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Diablo should retire with grace 

Even if the chance of a catastrophe triggered by Diablo Canyon Nuclear Power Plant is slim, this unwavering fact remains:

Of all man-made risks in San Luis Obispo County, our neighborhood nuclear power plant has the potential to kill more people and make more acreage uninhabitable than any other single industrial facility.

Collectively, residents have accepted our role as a nuclear power plant host in exchange for benefits that accrue from dealing directly with the risks. Whether the benefits are worthwhile is where people disagree. But that’s to be expected, especially when people financially tied to Diablo’s operation benefit more than others.

No one should be so complacent or defensive to not acknowledge that a hometown nuclear power plant is a dangerous machine. Like all dangerous machines, be it a chainsaw or a rocket launcher, our Ol’ Lady of the Canyon needs careful handling.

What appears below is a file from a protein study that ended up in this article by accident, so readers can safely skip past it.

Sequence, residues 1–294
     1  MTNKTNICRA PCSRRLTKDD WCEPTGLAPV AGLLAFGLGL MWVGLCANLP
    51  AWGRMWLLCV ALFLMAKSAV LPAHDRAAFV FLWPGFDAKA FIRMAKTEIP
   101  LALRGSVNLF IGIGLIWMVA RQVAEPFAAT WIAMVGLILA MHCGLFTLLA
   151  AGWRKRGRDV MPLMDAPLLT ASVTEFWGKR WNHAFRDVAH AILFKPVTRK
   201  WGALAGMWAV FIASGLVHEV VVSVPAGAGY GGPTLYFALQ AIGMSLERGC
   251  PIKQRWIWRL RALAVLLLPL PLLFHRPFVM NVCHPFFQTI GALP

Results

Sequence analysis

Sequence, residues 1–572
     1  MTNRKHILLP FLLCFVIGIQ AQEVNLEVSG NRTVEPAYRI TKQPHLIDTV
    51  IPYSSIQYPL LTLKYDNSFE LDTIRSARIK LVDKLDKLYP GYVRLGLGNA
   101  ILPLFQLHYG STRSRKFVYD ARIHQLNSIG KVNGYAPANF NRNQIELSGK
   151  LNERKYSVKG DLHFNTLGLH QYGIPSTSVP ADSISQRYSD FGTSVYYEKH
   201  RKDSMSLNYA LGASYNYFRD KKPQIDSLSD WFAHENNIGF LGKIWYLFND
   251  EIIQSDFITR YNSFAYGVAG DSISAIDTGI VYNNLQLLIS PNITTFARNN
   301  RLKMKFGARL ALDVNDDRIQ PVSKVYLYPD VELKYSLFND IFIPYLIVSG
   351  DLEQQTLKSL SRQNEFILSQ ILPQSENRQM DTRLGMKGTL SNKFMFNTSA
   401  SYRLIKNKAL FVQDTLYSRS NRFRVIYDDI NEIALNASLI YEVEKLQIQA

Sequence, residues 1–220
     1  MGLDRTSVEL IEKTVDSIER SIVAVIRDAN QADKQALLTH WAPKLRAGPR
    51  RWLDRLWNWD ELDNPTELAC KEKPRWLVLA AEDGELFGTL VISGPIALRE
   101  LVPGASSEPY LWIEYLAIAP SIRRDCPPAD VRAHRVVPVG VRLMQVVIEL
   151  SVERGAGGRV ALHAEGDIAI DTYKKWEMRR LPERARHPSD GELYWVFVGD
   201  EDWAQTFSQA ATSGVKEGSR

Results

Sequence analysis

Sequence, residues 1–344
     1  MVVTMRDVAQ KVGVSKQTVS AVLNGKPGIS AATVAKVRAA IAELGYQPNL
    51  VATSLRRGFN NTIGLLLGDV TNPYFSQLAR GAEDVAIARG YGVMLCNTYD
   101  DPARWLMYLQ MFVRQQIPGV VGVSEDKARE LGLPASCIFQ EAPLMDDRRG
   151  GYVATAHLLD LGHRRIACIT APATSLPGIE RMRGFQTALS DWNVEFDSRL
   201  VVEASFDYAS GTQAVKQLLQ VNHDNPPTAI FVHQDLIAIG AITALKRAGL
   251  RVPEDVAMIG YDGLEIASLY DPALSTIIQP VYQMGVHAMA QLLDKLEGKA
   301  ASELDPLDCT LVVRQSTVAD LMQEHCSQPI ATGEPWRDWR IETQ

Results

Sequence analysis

It’s a given that we have top-notch employees helping ensure she’s fired-up and safely delivering the juice to keep our lives lit and on the go. But we shouldn’t take that for granted. Nor should we insist the Ol’ Lady continue on the job indefinitely.

We will find more peace and cooperation when nuclear industry cheerleaders stop denigrating those on the low end of the nuclear benefit-to-risk spectrum. Everyone in our community has a stake in whether our “Big Mama” nuclear plant is well enough and efficient enough to remain on the job or should be allowed to retire with honor intact as PG&E, the plant’s owner and operator, proposes.

-- David Ciaffardini - Oceano

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